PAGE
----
Co Chin Saigon

If you’re looking for an authentic take on Vietnamese food, Co Chin Saigon should be your next stop! Their menu offers a good variety of Vietnamese dishes that you’re unlikely to find elsewhere. After eyeing their social media posts for some time, I finally decided to make a visit and left feeling satisfied with what they had to offer.

Co Chin Saigon’s menu has quite a bit to choose from but you’ll also find daily specials, providing the opportunity to try out different and unique Vietnamese dishes. Many of the dishes are ones that I grew up eating at home, but rarely ever saw being offered at restaurants. There are both savoury and sweet specials. It’s nice to know Co Chin Saigon was willing to step out of the box with more non-traditional items to showcase that Vietnamese food is so much more than just pho, rice, and vermicelli.

Menu (July 2021) * subject to change

On the Sunday that I visited, the special was the Combo Bèo Lọc Trần Đúc ($14.95), a combo of 4 types of traditional rice cakes:
Bánh bèo – rounded rice cakes, Bánh lọc – clear tapioca dumplings, Bánh ít trần – sticky rice dumplings and Bánh đúc – steamed rice cakes. All of the cakes were great but I particularly enjoyed the Banh Duc, which had subtle hints of coconut. Eating this mini platter had me reminiscing about my visits to Vietnam with family. If you are visiting on Sunday, it would be a great option to sample a bit of everything!

Combo Beo Loc Tran Duc

We also tried their Bún Bò Huế  ($13.95), a spicy lemongrass beef noodle soup. The Bun Bo Hue at Co Chin Saigon comes with all the toppings, including Hue style sausage (central Vietnamese pork sausage) and you can even add cubed pork blood. I definitely prefer bun bo hue over pho most days so was excited to give it a try, however, the Bun Bo Hue was unfortunately not a stand out dish for me. I felt there was some depth missing to the broth and overall, it just wasn’t my favourite but… a contending dish if you want to play it safe.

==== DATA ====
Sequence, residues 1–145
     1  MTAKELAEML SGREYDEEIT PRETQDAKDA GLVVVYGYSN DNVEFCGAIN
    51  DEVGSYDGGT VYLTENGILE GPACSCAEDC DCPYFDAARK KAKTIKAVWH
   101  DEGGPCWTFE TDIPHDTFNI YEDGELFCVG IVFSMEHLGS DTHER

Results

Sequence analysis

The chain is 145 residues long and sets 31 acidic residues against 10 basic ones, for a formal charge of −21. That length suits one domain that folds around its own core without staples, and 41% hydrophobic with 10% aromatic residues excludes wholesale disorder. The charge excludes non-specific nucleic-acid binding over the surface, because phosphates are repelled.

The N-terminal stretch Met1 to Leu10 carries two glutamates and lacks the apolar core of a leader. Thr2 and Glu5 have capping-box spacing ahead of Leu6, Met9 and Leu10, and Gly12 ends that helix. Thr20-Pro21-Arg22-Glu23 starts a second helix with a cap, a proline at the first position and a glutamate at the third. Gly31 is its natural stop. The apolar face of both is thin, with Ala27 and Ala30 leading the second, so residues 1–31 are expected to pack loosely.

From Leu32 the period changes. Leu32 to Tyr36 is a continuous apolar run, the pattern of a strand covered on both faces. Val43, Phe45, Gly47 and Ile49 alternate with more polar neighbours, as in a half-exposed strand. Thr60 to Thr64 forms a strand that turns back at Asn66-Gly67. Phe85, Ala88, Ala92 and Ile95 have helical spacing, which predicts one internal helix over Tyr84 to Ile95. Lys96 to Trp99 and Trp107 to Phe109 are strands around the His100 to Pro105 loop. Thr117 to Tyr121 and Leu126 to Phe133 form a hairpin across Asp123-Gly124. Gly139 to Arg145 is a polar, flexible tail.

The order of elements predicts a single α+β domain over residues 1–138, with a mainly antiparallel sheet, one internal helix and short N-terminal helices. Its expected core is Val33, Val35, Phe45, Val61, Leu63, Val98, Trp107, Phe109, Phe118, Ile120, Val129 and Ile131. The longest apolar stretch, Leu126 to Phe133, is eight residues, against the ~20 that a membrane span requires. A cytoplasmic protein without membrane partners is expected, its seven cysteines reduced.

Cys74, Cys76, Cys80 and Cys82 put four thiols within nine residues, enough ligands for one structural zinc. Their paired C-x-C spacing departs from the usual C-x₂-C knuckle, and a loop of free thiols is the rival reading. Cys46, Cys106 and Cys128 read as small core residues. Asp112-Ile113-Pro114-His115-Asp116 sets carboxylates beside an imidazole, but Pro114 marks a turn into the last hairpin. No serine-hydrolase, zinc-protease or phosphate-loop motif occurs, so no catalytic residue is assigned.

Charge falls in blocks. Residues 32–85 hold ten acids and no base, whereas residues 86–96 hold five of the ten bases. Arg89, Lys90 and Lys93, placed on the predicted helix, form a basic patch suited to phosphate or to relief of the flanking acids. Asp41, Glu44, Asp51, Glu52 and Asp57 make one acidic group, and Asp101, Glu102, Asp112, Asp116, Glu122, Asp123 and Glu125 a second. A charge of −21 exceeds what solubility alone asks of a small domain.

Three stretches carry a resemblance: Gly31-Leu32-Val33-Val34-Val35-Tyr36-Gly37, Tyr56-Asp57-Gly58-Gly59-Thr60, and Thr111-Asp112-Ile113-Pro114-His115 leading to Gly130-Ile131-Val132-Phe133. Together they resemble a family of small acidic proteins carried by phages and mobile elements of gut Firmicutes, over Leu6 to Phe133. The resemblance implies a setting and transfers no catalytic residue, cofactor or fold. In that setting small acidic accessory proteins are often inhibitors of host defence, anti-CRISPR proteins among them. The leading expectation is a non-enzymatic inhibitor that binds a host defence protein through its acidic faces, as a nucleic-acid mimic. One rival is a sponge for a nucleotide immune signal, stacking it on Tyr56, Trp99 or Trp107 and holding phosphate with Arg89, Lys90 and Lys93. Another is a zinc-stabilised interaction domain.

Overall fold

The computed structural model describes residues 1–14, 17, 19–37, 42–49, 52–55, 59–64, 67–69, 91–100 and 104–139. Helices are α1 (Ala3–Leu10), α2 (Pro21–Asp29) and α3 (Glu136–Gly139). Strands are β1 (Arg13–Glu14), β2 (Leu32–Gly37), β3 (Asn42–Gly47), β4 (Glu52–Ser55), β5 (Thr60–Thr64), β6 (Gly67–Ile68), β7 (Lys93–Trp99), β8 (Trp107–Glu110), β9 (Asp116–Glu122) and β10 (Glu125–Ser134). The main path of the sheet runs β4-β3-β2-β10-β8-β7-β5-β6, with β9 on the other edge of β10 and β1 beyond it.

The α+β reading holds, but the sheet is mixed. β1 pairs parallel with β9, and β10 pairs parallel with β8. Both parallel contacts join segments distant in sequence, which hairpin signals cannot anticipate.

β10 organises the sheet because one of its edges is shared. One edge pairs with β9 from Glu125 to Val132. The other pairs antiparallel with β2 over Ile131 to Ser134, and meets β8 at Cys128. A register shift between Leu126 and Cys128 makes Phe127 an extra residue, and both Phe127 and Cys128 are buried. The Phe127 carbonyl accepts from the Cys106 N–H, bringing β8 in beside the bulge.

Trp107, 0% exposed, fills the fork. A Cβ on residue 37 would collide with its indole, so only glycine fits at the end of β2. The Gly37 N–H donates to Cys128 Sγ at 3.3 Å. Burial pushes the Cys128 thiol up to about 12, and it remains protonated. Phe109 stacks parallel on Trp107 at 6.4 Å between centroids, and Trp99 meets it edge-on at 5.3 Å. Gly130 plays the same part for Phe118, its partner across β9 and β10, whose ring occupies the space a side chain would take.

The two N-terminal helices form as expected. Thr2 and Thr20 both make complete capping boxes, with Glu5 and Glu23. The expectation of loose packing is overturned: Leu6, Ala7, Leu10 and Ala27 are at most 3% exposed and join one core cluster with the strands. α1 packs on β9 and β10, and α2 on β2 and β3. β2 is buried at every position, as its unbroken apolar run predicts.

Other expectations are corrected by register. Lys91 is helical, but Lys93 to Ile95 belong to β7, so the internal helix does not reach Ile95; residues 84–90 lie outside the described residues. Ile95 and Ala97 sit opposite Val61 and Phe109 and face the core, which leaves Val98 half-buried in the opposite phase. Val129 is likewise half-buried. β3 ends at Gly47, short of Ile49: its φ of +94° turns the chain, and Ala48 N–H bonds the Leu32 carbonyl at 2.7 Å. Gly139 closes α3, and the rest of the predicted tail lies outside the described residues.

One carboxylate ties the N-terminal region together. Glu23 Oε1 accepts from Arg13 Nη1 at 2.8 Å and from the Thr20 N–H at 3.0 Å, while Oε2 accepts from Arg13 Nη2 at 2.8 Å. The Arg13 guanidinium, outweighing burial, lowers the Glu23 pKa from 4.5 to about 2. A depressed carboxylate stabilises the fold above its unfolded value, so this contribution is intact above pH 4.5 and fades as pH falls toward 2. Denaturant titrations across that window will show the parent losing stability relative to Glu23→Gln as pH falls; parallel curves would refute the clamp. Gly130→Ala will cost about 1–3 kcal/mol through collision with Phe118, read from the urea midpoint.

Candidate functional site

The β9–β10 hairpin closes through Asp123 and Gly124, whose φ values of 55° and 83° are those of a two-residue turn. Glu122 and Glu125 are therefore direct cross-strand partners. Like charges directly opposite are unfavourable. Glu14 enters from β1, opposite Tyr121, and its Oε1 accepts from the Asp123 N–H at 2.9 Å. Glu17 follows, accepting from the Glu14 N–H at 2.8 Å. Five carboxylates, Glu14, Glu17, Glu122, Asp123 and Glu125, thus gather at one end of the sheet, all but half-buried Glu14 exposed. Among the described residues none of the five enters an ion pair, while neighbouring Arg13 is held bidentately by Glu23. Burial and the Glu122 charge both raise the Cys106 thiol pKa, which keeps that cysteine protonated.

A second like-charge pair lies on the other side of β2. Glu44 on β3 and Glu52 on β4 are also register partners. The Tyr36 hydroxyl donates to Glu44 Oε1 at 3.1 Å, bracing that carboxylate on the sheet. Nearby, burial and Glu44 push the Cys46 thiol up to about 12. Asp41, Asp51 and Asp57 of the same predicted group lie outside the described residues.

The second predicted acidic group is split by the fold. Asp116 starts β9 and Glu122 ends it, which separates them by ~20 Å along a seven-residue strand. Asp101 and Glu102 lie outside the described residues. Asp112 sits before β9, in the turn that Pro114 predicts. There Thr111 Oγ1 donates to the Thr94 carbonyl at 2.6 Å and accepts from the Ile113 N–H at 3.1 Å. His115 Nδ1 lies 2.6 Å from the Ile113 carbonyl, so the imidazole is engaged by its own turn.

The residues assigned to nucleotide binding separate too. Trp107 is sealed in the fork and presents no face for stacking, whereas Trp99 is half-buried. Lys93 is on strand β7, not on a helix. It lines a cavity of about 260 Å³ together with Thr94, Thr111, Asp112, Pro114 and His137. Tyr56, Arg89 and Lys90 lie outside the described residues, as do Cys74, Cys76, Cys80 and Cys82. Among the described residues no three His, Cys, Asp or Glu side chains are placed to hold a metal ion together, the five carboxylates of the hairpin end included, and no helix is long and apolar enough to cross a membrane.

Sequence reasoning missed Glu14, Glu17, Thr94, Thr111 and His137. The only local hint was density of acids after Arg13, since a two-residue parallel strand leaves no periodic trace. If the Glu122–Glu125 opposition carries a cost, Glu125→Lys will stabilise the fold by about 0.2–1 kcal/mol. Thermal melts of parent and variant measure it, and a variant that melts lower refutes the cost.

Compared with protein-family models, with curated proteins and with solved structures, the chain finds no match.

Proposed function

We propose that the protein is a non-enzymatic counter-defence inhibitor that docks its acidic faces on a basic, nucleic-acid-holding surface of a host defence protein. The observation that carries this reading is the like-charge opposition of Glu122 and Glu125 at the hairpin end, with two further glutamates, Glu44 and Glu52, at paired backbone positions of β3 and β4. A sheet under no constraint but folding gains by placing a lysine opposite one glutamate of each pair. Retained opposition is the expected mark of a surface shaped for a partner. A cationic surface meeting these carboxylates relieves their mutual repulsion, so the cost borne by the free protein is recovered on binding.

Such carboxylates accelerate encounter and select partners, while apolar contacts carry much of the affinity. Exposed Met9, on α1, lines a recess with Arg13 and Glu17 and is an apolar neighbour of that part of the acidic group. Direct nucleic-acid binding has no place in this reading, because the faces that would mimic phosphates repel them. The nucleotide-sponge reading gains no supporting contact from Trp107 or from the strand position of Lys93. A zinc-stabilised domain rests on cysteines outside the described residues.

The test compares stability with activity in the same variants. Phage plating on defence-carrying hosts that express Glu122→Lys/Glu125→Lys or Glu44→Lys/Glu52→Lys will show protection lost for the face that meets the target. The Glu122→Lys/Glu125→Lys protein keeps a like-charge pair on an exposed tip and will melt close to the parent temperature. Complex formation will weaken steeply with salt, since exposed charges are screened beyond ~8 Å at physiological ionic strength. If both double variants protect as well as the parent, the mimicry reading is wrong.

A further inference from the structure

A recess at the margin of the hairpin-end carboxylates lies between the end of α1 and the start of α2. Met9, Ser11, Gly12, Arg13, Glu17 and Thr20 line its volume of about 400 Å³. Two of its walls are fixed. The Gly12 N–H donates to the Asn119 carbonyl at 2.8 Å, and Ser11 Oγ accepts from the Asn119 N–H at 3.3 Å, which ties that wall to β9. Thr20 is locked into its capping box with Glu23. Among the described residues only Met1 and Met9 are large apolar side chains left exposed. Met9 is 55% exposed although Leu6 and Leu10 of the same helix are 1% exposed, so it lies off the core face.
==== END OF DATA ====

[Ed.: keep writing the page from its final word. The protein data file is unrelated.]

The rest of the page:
Bun Bo Hue

My favourite dish here was actually the Bột Chiên ($11.95) – fried rice flour cakes with egg, served with pickled veggies and a sweet but tangy soy sauce. This is a common street food in Vietnam and I personally think there are not enough restaurants in Edmonton that offer it! It is normally found under the appetizer section on menus but I love it so much that I eat it as my main course lol. Co Chin Saigon’s bot chien was great and a fair portion! The rice cakes were perfectly crispy and I would definitely order it again.

I also tried a dessert item – Chè bưởi ($4.00) – a pomelo sweet dessert. Anytime you see the word “Che,” it refers to Vietnamese dessert, generally a soup/pudding or beverage of some sort. If you enjoy pomelo and don’t mind texturized and gelatinous desserts, this is worth a try! Made with pomelo, coconut milk and tapioca, it was sweet (but not overly sweet) and a great item to finish off the meal.

Che Buoi

Overall, my first experience at Co Chin Saigon was a good one. I enjoyed the meal I had and was impressed with the variety they offer. Service was friendly and prices were fair. While they are located in an unassuming spot, their vibrant and modern interior is warm and inviting. If you are looking for a Vietnamese spot that stands out from the rest, check them out!


Co Chin Saigon
10632 100 St 
Edmonton

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Foodie turned food blogger based in Edmonton, Canada

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